TMFPMarti:<<<First off, if you let the trust inherit the IRA accounts, the RMDs change dramatically. Instead of continuing the relatively small annual withdrawals, the entire balance in the IRA will need to be distributed within 5 years.>>> "Peter, I started to make a similar comment at the beginning of the thread, but when I looked in Pub 590 I found, to my surprise, that if the decedent dies after his required start date and leaves the IRA to his estate, the estate can continue annual distributions, based on the decedent's life expectancy (as adjusted). See page 36 of Pub 590.It gets better, as in more complicated. Page 36 refers to the estate as the beneficiary. On page 38 there's a discussion of a trust as the beneficiary. Under certain circumstances the status of the trust's beneficiaries can be used to determine RMD's."If the trust is "qualified" and I forget the definition in this context, and the financial institution holding the IRA account is not a horse's backside.We ended need to engage an attorney to get the financial institution holding the IRA account to get them to do what we wanted, which was legal, but apparently far outside of such financial institution's experience or knowledge!Regards, JAFO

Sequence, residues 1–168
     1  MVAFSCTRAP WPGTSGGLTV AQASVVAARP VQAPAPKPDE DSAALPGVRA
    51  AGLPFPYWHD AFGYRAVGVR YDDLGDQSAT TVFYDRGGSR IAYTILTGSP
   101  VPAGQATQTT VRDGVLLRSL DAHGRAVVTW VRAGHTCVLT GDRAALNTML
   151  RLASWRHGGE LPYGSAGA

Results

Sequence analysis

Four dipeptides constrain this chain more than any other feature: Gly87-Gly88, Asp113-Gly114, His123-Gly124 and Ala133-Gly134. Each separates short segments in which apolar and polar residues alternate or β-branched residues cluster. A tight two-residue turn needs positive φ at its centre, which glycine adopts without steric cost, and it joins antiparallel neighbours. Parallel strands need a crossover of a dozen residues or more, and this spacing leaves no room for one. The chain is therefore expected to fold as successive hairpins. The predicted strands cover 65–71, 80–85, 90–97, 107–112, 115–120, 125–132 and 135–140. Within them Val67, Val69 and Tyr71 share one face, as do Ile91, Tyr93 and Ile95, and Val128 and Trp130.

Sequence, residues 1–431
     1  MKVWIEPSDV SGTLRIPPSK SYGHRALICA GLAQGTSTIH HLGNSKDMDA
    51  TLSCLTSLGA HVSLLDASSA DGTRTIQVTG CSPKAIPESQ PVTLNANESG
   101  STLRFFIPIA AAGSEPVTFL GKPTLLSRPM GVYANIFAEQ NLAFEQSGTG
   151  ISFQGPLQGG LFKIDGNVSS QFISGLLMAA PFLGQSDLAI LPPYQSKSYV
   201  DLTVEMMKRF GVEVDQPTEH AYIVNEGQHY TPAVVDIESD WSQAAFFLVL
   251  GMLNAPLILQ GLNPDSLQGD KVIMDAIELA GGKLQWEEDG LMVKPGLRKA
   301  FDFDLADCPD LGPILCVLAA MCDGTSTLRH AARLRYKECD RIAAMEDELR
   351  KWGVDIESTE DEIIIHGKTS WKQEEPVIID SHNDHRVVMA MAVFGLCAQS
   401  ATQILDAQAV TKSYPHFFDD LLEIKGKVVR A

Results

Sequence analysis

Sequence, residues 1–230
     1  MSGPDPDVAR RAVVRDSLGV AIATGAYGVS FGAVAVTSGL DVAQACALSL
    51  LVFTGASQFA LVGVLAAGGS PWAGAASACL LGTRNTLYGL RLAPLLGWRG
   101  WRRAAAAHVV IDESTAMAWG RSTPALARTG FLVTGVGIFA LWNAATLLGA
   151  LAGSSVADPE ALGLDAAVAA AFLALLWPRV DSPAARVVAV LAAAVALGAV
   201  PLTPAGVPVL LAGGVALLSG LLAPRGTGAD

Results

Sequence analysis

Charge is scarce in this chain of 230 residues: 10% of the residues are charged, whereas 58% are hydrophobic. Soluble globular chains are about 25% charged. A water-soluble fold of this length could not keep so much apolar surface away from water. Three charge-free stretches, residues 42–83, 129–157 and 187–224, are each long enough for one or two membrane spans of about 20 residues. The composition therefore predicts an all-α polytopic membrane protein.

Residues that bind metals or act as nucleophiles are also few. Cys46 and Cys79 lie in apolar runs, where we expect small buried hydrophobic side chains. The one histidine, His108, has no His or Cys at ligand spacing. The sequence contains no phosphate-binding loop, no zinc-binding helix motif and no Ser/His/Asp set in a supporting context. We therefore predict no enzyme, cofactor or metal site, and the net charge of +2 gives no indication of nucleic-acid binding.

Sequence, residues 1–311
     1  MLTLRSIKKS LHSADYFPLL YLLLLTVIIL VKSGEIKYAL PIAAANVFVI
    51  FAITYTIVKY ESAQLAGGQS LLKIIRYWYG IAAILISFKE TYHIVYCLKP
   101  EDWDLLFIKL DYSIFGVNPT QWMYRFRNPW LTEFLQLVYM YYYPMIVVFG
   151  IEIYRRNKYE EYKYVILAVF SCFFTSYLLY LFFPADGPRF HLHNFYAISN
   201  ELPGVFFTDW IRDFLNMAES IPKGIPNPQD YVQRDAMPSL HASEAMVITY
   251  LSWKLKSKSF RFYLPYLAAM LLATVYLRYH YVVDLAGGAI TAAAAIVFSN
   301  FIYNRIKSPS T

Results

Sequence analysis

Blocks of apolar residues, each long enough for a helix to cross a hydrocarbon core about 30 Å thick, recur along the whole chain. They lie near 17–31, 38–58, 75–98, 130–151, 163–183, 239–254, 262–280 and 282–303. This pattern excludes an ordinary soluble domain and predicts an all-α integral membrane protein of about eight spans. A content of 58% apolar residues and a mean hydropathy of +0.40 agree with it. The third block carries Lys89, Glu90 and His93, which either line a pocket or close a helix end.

Best Of |
Favorites & Replies |
Start a New Board |
My Fool |
BATS data provided in real-time. NYSE, NASDAQ and NYSEMKT data delayed 15 minutes.
Real-Time prices provided by BATS. Market data provided by Interactive Data.
Company fundamental data provided by Morningstar<